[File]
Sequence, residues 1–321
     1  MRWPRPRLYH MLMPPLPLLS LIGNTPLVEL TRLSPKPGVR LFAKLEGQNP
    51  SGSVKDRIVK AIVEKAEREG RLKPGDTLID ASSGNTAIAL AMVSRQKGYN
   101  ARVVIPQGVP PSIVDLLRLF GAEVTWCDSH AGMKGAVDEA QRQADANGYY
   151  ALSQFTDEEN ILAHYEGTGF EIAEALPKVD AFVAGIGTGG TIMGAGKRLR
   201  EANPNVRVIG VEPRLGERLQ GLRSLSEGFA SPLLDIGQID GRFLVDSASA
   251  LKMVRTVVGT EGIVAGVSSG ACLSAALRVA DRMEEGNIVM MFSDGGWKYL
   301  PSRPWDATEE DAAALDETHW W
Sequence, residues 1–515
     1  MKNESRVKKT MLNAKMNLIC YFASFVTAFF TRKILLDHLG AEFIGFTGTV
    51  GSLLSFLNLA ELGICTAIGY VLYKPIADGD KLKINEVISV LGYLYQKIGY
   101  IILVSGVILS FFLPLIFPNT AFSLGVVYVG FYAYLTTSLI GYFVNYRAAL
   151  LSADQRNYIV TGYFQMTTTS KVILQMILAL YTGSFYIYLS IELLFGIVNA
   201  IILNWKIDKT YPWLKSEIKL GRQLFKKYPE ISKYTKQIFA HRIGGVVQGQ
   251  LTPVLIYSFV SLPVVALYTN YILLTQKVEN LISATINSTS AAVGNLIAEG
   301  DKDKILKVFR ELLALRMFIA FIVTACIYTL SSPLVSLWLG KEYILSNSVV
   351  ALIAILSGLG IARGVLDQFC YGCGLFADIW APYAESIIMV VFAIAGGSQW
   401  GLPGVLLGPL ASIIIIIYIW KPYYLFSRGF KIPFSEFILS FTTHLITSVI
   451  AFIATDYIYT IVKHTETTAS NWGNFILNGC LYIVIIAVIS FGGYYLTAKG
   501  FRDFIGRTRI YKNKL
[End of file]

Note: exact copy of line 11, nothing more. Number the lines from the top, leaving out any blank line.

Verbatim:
    51  GSLLSFLNLA ELGICTAIGY VLYKPIADGD KLKINEVISV LGYLYQKIGY